"...I'm in a PBS K-hole! Help. Man oh man, I love public broadcasting, especially when the blockbuster documentaries come along and rile everyone up! Enter: Ken Burns' seven-part miniseries about the Second World War simply titled The War...."

TV Eye
War and Remembrance: Part II
Screens Column  April 6, 2007, by Belinda Acosta
"...The contribution of Latinos in World War II is nonexistent in the film. Several groups and individuals have met with PBS President Paula Kerger, asking that the film not be released until this omission is corrected..."

Tackling Texas Truisms
Filmmaker Don Howard and the Texas Documentary Tour
Screens Story  December 5, 1997, by Marc Savlov
"...photograph byMarlene Hanlin Local documentary filmmaker Don Howard doesn't look like the sort of guy to challenge existing stereotypes and subvert accepted knowledge, but then he doesn't look too much like an ex-high school quarterback either, though he is. His documentary Letter From Waco (which aired nationally on PBS in September) took preconceived notions of one of Texas' more notorious cities and peeled them away to reveal something far more interesting and unique than just botched ATF raids and Southern Baptists...."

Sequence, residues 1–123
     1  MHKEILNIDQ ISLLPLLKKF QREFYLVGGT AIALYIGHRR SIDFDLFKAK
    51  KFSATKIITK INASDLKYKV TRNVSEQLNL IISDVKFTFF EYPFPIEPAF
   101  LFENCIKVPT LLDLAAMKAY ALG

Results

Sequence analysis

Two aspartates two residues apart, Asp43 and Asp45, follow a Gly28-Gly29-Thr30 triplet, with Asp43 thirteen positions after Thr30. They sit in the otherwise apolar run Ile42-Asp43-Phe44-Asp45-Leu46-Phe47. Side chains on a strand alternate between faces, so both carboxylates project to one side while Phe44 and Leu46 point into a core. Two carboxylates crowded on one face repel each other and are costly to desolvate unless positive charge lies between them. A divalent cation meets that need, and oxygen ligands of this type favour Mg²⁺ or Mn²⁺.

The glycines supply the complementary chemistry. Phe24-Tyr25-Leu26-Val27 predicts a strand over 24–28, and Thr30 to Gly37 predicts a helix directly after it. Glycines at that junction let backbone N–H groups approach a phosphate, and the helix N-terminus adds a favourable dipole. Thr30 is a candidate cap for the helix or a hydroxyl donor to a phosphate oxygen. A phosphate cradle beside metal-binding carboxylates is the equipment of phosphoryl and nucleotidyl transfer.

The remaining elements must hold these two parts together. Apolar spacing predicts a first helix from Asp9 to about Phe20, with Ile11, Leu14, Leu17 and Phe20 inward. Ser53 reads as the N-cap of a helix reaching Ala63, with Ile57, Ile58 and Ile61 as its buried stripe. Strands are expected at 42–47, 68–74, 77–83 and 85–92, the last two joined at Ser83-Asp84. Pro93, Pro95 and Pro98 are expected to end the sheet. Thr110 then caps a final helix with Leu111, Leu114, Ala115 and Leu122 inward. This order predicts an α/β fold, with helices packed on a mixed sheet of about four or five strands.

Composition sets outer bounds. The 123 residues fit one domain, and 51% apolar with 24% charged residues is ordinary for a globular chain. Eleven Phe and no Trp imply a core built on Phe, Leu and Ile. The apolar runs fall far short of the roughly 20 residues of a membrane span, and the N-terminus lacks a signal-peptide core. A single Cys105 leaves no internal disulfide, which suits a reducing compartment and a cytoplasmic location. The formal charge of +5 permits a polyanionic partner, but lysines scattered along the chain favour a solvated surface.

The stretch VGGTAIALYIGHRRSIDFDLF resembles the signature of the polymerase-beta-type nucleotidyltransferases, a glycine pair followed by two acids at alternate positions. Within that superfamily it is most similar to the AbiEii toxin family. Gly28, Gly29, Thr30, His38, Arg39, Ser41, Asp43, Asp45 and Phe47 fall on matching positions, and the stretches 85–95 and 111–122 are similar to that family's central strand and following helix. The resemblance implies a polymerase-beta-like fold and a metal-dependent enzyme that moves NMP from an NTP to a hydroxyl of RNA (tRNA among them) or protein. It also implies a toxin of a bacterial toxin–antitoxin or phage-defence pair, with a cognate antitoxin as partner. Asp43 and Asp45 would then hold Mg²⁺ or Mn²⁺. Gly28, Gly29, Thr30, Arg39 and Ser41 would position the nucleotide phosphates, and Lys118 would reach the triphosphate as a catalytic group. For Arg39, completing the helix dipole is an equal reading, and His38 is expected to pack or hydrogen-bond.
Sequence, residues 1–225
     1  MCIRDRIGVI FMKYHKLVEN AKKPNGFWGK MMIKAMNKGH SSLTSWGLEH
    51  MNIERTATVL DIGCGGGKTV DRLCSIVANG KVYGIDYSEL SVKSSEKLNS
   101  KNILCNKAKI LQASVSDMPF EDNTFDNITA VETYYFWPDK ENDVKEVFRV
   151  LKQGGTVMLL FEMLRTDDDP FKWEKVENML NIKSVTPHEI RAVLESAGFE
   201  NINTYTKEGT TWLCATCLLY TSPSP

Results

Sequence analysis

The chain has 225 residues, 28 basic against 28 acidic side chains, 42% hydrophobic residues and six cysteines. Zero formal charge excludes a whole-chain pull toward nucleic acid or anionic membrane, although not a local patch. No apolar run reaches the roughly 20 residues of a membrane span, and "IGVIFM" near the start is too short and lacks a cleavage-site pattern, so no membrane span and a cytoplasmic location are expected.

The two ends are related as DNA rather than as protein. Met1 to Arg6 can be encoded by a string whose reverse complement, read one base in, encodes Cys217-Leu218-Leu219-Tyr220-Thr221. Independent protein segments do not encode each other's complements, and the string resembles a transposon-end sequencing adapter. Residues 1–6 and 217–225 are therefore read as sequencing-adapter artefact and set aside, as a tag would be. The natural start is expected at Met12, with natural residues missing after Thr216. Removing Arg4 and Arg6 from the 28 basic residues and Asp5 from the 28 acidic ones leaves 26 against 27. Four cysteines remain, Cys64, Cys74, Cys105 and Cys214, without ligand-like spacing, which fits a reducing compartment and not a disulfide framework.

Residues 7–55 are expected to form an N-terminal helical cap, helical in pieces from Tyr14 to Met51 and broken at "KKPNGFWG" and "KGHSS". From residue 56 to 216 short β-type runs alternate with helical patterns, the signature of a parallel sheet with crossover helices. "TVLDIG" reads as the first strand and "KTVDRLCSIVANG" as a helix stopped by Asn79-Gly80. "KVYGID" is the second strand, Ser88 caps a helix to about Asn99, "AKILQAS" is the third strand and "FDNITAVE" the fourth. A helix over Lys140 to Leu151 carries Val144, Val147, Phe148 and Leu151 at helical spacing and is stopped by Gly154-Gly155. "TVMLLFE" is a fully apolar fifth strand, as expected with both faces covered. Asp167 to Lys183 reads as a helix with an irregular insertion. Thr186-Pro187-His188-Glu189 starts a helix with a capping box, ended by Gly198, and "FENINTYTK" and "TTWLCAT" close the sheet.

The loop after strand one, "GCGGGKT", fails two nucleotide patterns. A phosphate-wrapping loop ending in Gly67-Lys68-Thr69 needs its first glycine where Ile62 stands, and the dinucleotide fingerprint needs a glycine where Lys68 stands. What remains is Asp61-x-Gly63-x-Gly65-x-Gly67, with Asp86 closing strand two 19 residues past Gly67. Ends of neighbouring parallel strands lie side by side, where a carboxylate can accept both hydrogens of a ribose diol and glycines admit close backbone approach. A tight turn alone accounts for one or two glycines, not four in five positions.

Visit 'Detropia'
Festival favorite doc premieres on PBS tonight
DAILY Screens  May 27, 2013, by Monica Riese
"...The documentary, directed by Heidi Ewing and Rachel Grady, premieres tonight on PBS, and it's a perfect introduction to that Midwestern city...."

Do Not Miss This Deeply Inspiring Documentary
'Half the Sky' circles the globe to look at women's rights
DAILY Screens  October 2, 2012, by Jessi Cape